If you've been involved in the horse world for a while, no doubt you've read and heard that horses need to have their teeth floated on a regular basis. "Floating" means removing and/or repairing any irregularities that may have developed to make it easier for your horse to chew his food.
In the past, if you had your horse's teeth floated every few years as he became an old guy, you were being a conscientious horse owner. But as long as he wasn't losing weight, making hay wads, or dropping grain out of his mouth, there really wasn't any reason to worry. Why would you need to have your horse's mouth examined regularly or dental work done?
In the last 15 years, many species have benefited from a preventive dentistry revolution that equates general good health to oral health. Many owners are creating better lives for their horses by more closely monitoring their dental condition.
The Plain Truth
Horses live by their ability to chew. Badly chewed food leads to poor absorption of the critical calories, minerals and other elements a horse needs to maintain weight, keep a balanced metabolism, have energy and generally stay healthy. He's also at risk for many other health problems resulting from the condition of his teeth and mouth.
Say you have a gelding who's missing a molar and has a number of hooks and points along his upper and lower teeth that hamper his ability to close his jaws all the way and move them from side to side. He likely can't adequately chew his hay or other grain supplements to break down the food he eats enough for proper digestion.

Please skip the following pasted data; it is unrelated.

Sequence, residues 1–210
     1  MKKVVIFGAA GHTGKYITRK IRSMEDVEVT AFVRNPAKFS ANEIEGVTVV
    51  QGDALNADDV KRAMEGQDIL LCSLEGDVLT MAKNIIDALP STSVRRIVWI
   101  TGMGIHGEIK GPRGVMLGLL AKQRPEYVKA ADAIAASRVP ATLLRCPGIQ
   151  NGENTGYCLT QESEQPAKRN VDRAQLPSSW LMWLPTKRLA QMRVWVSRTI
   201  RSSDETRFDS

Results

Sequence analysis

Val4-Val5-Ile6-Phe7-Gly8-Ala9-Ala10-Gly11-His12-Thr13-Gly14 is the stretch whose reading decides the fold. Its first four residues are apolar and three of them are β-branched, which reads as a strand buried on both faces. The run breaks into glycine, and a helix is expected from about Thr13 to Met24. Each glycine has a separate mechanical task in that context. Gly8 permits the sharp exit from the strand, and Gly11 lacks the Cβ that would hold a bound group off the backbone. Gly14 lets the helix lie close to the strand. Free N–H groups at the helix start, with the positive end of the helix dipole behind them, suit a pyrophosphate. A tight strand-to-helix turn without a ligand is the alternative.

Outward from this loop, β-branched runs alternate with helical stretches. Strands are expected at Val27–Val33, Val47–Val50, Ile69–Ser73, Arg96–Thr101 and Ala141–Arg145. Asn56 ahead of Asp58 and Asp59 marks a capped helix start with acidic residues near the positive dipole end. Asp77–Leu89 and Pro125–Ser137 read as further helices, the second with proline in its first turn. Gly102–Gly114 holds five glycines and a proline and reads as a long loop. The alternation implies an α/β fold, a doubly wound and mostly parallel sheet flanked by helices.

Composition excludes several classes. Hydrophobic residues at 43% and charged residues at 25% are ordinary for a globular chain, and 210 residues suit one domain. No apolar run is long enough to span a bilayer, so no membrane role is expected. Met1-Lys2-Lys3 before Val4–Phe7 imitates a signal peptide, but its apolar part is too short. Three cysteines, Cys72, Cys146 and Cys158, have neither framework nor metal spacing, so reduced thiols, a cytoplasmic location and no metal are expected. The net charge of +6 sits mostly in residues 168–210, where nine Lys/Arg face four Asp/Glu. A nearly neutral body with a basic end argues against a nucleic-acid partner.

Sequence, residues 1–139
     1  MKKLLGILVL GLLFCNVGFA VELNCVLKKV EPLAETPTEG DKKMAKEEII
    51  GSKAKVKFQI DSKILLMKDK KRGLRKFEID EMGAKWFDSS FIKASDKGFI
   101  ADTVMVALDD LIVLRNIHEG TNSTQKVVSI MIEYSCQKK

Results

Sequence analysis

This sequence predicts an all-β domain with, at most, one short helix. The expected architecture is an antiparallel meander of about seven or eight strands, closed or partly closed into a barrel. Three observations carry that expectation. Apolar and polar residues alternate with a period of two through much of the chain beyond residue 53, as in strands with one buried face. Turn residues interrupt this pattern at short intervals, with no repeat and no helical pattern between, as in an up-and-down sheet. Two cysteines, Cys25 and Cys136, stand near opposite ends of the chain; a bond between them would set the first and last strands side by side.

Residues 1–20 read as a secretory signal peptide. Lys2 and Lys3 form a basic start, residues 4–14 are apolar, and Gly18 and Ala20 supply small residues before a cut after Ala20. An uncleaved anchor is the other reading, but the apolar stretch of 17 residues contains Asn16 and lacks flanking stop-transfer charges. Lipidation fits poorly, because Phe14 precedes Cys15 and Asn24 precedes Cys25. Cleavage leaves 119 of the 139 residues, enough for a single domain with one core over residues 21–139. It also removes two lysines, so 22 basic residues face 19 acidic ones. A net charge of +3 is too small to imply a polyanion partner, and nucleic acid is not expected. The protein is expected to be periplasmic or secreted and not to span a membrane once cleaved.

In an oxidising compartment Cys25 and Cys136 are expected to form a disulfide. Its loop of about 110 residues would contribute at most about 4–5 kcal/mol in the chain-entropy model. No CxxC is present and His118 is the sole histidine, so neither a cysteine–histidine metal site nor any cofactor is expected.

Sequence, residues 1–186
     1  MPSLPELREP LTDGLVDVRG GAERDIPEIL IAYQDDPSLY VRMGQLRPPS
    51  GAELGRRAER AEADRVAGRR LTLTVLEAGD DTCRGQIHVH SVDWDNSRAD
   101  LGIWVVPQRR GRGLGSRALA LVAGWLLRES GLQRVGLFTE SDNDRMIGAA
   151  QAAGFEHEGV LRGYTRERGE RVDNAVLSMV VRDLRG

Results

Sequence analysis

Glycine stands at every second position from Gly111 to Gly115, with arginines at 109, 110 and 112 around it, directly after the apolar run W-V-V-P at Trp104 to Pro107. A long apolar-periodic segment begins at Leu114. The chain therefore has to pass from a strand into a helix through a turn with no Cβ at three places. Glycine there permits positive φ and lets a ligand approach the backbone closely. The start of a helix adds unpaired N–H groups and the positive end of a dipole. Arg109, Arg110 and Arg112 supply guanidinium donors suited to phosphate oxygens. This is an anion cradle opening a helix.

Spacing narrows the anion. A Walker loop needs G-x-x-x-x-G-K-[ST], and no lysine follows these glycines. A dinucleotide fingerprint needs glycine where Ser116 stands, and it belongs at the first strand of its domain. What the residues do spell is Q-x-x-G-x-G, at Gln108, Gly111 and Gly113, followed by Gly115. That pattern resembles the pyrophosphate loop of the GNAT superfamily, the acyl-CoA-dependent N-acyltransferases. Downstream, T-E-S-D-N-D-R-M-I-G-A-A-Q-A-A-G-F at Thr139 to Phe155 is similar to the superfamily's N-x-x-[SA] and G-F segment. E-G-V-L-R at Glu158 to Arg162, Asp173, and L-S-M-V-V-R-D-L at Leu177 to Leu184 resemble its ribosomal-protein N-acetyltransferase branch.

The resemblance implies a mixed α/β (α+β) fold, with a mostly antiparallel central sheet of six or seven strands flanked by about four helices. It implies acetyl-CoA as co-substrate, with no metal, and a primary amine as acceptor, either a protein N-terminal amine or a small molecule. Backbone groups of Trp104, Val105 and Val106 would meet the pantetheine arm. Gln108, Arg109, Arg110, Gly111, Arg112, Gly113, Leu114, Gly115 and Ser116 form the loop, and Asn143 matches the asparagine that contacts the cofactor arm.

Horses have two groups of teeth: Incisors and canine teeth are in one group, and wolf teeth, premolars and molars are in the second.
Incisors are the nipper teeth across the front of the horse's mouth. They function to bite off grasses and hay, and help in the chewing process. Canine teeth are a prehistoric throwback and basically serve no function in the equine mouth now. Premolars and molars are the larger teeth at the back of the mouth used for crushing and grinding food. Wolf teeth - also a prehistoric remnant - sit right before the premolars. Some horses have them and some horses don't.
Male horses generally have 40 teeth by age 5, while female horses have between 36-40 at maturity, since not all mares develop canine teeth. A horse's teeth "erupt," or grow, approximately 2-3 mm (about the width of a Q-Tip) a year well into the horse's 20s to replace the tooth length that wears away while he eats.
Signs of Dental Problems
Horses exhibit many different symptoms of mouth and dental pain. However, horses tend to be very stoic animals, and they can have moderate to severe problems without showing any signs at all. So just because your horse seems to have good body condition and is performing well doesn't mean that you shouldn't have his mouth checked on a regular basis.